The goal is to reformat Professor Poisson’s suite of lecture notes for various courses from PDF to formats that are accessible and can therefore be posted under the University website.

Job description (task/responsibilities, relevant scheduling details, and required and/or preferred qualifications)

As described in the outline. The student is required to have a good attention to detail. 


Microscopic simulations of strongly interacting quantum systems

Proposed Start Date: May 4, 2020

Supervisor: Dr. Alexandros Gezerlis, Department of Physics

Brief Outline of Proposed Research Project 

This project will study strongly interacting matter. Specifically, it will address scattering in few-nucleon systems or the phenomenon of superfluidity in systems such as neutron stars and cold atoms. Neutron stars are compact astrophysical objects which exhibit exotic properties. The approach used will likely be to pose an intuitive theory (density-functional theory, BCS theory, or quantum Monte Carlo), followed by an implementation stage. In consultation with the supervisor, the ramifications of the theory and its results will be mapped out. By focusing on a problem of manageable size, we intend to do realistic computations that can be completed in a reasonable amount of time. The student will therefore get a crash course on research in modern theoretical physics.

Job description (task/responsibilities, relevant scheduling details, and required and/or preferred qualifications)

The student will carry out a mixture of pen-and-paper (similar to what students encounter in coursework) & computational work (which is more novel). Previous exposure to programming would be beneficial but is not required. In addition to research, students will be attending weekly group meetings and will learn how to present their progress to their peers.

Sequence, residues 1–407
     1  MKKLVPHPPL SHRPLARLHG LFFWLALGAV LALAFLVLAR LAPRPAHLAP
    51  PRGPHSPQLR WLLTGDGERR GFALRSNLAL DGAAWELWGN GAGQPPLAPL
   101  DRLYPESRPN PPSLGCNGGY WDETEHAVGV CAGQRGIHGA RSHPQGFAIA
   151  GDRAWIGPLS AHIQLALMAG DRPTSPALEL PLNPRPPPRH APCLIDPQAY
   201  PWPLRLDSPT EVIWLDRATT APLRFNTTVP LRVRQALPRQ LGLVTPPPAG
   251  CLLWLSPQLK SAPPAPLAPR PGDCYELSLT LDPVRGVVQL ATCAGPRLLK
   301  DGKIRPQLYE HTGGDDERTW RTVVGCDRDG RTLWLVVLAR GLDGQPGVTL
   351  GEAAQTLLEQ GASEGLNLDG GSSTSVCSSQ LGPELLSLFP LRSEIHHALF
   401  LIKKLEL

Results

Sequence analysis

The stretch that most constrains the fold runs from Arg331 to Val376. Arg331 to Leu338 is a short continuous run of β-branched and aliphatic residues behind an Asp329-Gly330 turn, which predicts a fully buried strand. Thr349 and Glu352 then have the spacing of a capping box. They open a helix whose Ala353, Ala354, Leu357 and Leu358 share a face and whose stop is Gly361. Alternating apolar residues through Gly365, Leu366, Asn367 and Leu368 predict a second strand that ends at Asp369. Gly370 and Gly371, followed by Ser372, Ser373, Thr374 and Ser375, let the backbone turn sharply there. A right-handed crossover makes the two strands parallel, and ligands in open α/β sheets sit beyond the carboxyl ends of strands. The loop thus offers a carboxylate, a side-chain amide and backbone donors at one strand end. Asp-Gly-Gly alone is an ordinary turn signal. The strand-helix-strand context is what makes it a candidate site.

Bot Design

Supervisor: Dr. Mike Massa

Brief Outline of Proposed Research Project

Active Matter is composed of a collection of objects, each of which independently consumes stored or ambient energy and converts that energy into motion – typically propulsion.  This defining characteristic of active matter gives rise to unique mechanical properties and dynamical behaviour.  There are many examples of active matter systems in biology (flocks of birds, bacterial biofilms) in which signalling between individuals plays an important role – this could be through visual cues or chemical signalling, for example.

These complex biological systems can be modelled using a collection of artificial ‘bots’.  The bots convert vibrational energy from an internal motor into locomotion along a surface; interactions between bots is currently limited to steric interactions (collisions).  The focus of this project will be to design additional bot-bot and bot-environment interactions (for example, using IR sensors).  Such interactions could be used to modulate the behaviour of individuals, which in turn will affect the collective behaviour of the system.

Job description (task/responsibilities, relevant scheduling details, and required and/or preferred qualifications)

Experience with programming and circuitry is necessary, with preferred experience using python/Matlab/C, as well as experience with robotics, Arduino or similar.  The student will research components to be integrated into the existing bot design.  The project will also involve design for 3D printing, soldering, and will also include familiarization and use of existing lab setup (imaging hardware and tracking software).  There will be some opportunity for the student to dictate the direction of the project.

The student will:  Develop their design skills, programming skills, gain hands-on experience in self-directed experimental design; learn about non-equilibrium phase transitions, cooperative behaviour – areas in physics research which they are not generally exposed to in an undergraduate program.


The successful candidate will have

  • Experience with circuit design and/or robotics
  • strong computer programming skills
  • good written and verbal communication skills in English
  • Successful completion of PHYS*2180 or similar lab-based course